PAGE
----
There is sad news coming from the CNN newsroom as it was reported that former anchor Bernard Shaw has passed away at the age of 82.
According to the news outlet, Shaw passed away from pneumonia on Wednesday, September 7.
“In lieu of flowers, the family requests donations be made to the Bernard Shaw Scholarship Fund at the University of Chicago. The Shaw family requests complete privacy at this time,” the family said in their written statement that has been provided by former CNN CEO Tom Johnson.
The family has stated that, although there will be a public memorial service planned for the future, the funeral services for the former CNN anchor will only be for family and invited guests only.
When the network first debuted on June 1, 1980, Shaw was CNN’s first chief anchor. Over 21 years later, he stepped away from the television screen on February 28, 2001. His resume included stints with CBS as a political reporter from 1971-1977, where he left to become a Latin America correspondent for ABC until 1979. The next year, he joined CNN for the launch of the new news network.
Some key moments from his long career at CNN:
On October 13, 1998, he moderated the second presidential debate between George H. W. Bush and Michael Dukakis.
April 27, 1991, is the date that The University of Illinois Foundation started the Bernard Shaw Endowment Fund.
In July 1991, Shaw became the first person who wasn’t German to receive the Eduard Rhein Foundation’s Cultural Journalistic Award.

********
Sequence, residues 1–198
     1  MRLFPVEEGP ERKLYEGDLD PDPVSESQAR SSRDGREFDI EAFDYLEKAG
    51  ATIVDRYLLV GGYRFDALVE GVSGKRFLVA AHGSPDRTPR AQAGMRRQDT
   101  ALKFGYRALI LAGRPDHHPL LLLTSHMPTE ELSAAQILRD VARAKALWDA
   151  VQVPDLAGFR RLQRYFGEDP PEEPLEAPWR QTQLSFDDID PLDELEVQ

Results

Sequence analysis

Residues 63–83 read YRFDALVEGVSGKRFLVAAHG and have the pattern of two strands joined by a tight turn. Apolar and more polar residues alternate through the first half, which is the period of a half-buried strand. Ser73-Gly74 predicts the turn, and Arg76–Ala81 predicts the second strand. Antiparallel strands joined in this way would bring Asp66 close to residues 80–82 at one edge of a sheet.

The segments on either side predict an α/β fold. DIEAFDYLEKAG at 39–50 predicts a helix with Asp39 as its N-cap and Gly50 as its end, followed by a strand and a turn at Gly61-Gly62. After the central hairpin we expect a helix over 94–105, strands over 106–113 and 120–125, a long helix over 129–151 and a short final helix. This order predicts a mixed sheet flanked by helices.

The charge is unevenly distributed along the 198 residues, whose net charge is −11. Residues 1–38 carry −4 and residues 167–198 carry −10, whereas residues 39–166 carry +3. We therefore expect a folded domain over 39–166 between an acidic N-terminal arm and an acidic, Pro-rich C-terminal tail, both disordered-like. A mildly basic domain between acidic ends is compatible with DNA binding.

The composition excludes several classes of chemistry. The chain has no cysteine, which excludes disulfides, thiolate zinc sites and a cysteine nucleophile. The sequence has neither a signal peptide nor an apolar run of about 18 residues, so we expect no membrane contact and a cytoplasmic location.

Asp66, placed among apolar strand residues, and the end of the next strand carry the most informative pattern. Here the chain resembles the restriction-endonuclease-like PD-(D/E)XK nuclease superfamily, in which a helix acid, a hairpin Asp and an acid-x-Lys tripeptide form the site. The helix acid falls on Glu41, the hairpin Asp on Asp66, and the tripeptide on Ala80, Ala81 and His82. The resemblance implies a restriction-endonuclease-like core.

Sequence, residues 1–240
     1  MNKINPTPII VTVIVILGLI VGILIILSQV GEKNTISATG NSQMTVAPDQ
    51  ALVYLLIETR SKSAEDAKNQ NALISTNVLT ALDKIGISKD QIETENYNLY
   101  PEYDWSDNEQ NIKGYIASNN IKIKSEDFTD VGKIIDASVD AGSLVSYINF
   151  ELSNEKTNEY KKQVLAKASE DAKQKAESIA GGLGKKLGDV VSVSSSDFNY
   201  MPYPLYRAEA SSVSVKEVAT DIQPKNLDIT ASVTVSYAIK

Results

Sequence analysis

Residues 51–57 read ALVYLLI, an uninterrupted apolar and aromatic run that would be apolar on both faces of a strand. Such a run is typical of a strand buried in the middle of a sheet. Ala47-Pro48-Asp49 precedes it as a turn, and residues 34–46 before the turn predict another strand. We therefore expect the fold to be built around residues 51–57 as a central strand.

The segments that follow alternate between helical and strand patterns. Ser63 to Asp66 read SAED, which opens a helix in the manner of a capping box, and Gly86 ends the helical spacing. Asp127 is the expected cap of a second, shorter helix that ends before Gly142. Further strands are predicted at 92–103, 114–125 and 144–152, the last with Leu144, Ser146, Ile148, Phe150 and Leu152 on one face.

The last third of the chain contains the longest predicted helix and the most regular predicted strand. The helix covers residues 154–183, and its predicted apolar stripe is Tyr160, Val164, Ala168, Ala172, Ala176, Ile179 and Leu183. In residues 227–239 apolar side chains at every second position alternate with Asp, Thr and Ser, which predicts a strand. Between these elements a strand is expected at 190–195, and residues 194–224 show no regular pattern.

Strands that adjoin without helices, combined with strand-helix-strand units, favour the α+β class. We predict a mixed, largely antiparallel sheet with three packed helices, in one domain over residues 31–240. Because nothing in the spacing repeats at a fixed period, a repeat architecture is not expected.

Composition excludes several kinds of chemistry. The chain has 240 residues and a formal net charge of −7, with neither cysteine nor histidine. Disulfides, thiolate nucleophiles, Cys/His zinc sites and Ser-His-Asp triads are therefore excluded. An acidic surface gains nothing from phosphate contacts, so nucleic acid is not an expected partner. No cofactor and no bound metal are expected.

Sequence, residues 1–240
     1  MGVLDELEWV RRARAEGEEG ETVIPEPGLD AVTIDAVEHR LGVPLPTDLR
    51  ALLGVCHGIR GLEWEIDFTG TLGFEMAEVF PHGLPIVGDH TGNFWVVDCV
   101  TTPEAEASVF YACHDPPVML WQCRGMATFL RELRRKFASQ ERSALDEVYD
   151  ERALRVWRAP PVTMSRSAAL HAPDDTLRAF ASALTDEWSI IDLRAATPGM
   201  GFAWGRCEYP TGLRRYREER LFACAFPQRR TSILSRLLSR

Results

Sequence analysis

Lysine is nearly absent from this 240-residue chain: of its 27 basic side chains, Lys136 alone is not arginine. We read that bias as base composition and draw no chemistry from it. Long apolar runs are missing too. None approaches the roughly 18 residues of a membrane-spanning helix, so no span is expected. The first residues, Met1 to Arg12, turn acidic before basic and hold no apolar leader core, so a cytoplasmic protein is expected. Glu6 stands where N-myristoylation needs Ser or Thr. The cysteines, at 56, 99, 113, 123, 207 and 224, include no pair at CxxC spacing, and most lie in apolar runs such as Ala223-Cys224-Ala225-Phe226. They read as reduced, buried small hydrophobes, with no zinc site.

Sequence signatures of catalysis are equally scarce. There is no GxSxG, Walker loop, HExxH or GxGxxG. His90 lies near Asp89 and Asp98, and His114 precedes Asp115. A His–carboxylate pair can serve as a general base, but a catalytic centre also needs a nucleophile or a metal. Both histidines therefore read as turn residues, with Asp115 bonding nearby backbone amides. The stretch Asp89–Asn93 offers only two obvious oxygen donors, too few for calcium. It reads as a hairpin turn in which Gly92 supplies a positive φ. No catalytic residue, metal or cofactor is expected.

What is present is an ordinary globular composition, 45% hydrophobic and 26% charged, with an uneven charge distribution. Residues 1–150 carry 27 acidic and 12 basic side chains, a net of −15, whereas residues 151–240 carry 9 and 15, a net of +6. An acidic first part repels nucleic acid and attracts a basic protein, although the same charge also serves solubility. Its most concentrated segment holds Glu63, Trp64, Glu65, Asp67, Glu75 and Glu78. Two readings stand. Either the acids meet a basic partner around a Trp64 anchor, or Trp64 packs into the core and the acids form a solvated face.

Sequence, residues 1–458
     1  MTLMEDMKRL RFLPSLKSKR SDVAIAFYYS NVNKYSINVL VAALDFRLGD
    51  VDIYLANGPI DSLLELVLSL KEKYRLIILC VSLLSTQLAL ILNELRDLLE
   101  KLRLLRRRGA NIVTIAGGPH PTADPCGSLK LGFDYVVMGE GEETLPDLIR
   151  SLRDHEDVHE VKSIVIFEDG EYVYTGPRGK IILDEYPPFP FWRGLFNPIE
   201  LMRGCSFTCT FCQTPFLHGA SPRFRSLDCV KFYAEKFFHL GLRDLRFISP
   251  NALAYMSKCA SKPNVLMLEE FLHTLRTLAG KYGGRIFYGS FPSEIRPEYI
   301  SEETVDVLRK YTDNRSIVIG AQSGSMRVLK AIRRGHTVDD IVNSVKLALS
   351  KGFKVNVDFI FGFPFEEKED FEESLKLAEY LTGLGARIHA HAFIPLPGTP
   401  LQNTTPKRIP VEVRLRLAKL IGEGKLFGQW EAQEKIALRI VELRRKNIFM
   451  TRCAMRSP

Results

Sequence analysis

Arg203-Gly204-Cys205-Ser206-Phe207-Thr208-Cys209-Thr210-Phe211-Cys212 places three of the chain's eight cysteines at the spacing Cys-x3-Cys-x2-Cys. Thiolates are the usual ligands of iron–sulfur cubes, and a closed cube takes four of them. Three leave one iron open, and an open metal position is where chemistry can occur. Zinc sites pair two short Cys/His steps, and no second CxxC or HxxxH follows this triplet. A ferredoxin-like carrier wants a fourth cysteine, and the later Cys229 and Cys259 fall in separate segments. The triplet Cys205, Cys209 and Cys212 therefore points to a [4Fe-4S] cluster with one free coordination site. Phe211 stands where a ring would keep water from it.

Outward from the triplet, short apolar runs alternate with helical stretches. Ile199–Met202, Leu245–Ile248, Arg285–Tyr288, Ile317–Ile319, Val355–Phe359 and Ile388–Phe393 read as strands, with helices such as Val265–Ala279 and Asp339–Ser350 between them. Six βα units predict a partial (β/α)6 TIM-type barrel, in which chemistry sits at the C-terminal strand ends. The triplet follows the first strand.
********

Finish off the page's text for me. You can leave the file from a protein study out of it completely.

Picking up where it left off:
He was also Inducted into the Broadcasting & Cable Hall of Fame in 1991.
On November 10, 2000, Shaw informed the world that he was leaving CNN.
The next year, in 2001, the former anchor was given the Edward R. Murrow Award for Lifetime Achievement Award in Broadcasting.
February 28, 2001, was the day that Shaw officially retired from the CNN network.
He accepted the Chuck Stone Lifetime Achievement Award from the National Association of Black Journalists in 2007.
“CNN’s beloved anchor and colleague, Bernard Shaw, passed away yesterday at the age of 82. Bernie was a CNN original and was our Washington Anchor when we launched on June 1st, 1980,” Chris Licht, CNN Chairman and CEO, said in a written statement Thursday. “He was our lead anchor for the next twenty years from anchoring coverage of presidential elections to his iconic coverage of the First Gulf War live from Baghdad in 1991. Even after he left CNN, Bernie remained a close member of our CNN family providing our viewers with context about historic events as recently as last year. The condolences of all of us at CNN go out to his wife Linda and his children.”